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Adopting a Shelter Cat – Before you bring your New Kitty Home

Is it time to get a kitty? Deciding to get a cat is more than just picking a collar and a name. This blog discusses things you need to consider before you decide to get a cat.
Are you ready for a Cat?

It’s no surprise, having a pet is a big responsibility. Your new kitty is going to be with you for years. An article from Doctors Foster and Smith suggest you ask yourself the following questions:

  1. Am I emotionally, financially, and personally ready to take the responsibility of having a new cat?
  2. Do I understand the nutritional, housing, and health requirements of a cat?
  3. Have I acquired the necessary items needed to take care of a cat, and have I cat-proofed my house?
  4. A cat isn’t a spur-of-the-moment acquisition. Make sure you have a good idea about the traits you’re looking for and would fit in well with your lifestyle. Having a good idea of the type of cat you’re looking for gives you a better chance at finding success with your kitty. Ask yourself ‘do I know what I’m looking for in a cat’:
    1. Breed and/or size
    2. Temperament and personality
    3. Gender
    4. Age
    5. Energy level
  5. Are all of my family members in agreement about getting a new cat?
  6. Have guidelines been set for the feeding, grooming (if necessary, for example long hair cats might need grooming attention), discipline and training (which can be tricky for cats), and cleaning up after kitty?
Before Kitty Comes Home

There are 2 main areas of preparation before kitty comes home: 1) cat-proofing, and 2) cat stuff.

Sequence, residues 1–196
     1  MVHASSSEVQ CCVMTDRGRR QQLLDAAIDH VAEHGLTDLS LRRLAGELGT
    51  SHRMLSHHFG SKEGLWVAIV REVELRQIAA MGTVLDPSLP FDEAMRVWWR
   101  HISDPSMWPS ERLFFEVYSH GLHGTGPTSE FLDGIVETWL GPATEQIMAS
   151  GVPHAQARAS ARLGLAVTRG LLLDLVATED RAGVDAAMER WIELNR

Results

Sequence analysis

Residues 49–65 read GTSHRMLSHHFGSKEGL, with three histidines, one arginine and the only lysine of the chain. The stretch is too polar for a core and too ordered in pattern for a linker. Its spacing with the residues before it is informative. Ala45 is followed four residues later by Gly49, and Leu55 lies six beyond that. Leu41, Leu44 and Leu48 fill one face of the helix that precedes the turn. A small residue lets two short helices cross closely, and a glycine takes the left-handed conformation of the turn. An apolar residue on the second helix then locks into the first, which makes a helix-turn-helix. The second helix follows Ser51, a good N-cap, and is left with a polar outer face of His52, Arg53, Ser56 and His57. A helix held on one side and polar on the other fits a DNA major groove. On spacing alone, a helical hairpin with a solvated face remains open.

It’s a good idea to cat-proof your house. Here are some suggestions from Petfinder:

  • Cats are territorial and a new house can be intimidating. Find a small place in your home where kitty can hang out for the first few days. Set up all your cat’s amenities. Kitty will feel safe as he acclimatizes to your home. You and kitty can get acquainted here too.
  • A lot of cats love a small place to hide. Consider getting a covered bed, or if you’re creative you can make a fort from a box or blanket.
  • Cats scratch and climb stuff – it’s just what they do. You might want to remove any items you have on display that could easily be knocked over or damaged.
  • Cover any holes in the walls that lead to ductwork – you don’t want kitty to get lost in the walls.

You’re going to need cat stuff. If you have second hand cat stuff that’s ok – but as cats are territorial make sure you wash it. Here are the basic cat items you’ll need:

  • Cat Carrier
  • Litter box – make sure you get one that’s big enough even if you’re getting a kitten. Also, some cats enjoy digging so consider a high back, or covered box.
    • Litter – there’s a lot of different cat litter out there, clay to crystals, pellets to walnut shells, scented to unscented. Make sure to pick the one that’s most appropriate to you and the type of cat you’re getting (kittens have different litter needs than adult cats)